Written by Dr. Jamie Corroon ND, MPH, Founder & Medical Director of the Center for Medical Cannabis Education and Medical Advisor to CV Sciences
In the past year, despite confusion surrounding their safety and legality, sales of hemp-derived dietary supplement products containing Delta-8 THC (i.e., Delta-8) have spiked throughout the United States, by as much as 144% according to some reports. At best, these Delta-8 products may benefit consumers while elucidating loopholes in existing regulations. At worst, they may put consumers at risk and damage the legitimacy and reputation of the fledgling hemp-derived dietary supplement industry.
Healthcare professionals like myself, along with hemp industry stakeholders, are not only concerned about the lack of safety data, but also about the unwanted attention, and possible regulatory oversight, that these products may generate. The hemp-derived dietary supplement industry is embryonic, with many players taking painstaking measures to comply with complex federal and state regulations. Additional oversight brought on by Delta-8 THC concerns could stall the careful progress of an emerging industry.
What is Delta-8?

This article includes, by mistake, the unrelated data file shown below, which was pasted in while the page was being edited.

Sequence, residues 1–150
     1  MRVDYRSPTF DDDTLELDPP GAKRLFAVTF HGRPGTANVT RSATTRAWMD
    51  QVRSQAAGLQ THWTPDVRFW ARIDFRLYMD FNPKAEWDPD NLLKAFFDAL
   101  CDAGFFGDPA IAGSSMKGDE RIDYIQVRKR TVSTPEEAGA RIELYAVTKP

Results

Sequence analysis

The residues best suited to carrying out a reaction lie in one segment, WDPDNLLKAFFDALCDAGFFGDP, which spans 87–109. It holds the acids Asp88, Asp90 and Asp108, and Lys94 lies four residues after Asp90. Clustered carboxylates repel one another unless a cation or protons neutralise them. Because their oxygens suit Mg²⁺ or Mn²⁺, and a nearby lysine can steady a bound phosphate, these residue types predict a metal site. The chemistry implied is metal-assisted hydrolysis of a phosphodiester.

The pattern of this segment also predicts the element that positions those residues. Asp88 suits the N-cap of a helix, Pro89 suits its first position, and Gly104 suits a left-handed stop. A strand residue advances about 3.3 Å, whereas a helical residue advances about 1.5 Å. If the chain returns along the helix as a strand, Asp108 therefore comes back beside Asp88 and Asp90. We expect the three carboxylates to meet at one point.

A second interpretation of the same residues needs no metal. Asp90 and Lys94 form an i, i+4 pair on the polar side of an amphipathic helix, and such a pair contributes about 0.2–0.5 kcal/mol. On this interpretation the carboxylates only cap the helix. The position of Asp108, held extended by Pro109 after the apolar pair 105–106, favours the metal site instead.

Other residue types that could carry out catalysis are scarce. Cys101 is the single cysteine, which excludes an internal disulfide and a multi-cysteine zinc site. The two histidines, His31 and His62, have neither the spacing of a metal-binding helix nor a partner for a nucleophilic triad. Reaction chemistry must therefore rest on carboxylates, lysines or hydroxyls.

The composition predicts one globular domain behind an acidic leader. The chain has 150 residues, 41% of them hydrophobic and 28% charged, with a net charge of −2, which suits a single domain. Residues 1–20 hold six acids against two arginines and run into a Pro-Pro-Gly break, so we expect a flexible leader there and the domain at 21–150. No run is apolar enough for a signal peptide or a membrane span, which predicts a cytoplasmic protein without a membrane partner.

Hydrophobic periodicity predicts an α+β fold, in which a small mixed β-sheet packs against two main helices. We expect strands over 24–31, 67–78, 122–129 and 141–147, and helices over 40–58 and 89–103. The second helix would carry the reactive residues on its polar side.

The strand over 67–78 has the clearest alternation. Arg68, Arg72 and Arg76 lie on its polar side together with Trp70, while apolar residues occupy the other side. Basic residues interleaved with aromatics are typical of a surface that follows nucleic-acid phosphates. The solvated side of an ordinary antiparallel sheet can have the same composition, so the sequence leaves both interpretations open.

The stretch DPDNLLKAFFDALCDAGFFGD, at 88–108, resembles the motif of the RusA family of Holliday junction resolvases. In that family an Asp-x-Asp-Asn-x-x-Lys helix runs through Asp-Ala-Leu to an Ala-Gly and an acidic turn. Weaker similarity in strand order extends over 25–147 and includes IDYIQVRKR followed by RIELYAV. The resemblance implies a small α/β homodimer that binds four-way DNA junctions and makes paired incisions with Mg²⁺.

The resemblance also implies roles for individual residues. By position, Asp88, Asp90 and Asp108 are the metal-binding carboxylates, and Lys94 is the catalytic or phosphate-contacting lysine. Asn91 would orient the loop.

Delta-8 is a minor, and relatively rare, phytocannabinoid that naturally occurs in Cannabis spp.. It is virtually identical to Delta-9 THC in terms of its chemical structure. In plant material, Delta-8 occurs in concentrations significantly below 1%. Delta-8 is either biosynthesized directly by the plant or formed as a degradation product from the oxidation of Delta-9 THC. Because its naturally occurring concentrations are so low, extracting Delta-8 for dietary supplement products is not economically viable.
Delta-8 can also be chemically synthesized in a lab, however, either de novo (i.e., from new) or by using other phytocannabinoids, like CBD, as a starting point. This process is more economically efficient, especially given the stockpiles of CBD leftover from the rush to build the supply chain for a rapidly growing industry of hemp-derived CBD products.
Risk of Contamination
This later approach introduces the potential for contamination from residual reagents, catalysts and byproducts involved in the chemical transformation, however. While some of the byproducts may be naturally occurring in Cannabis itself (i.e., …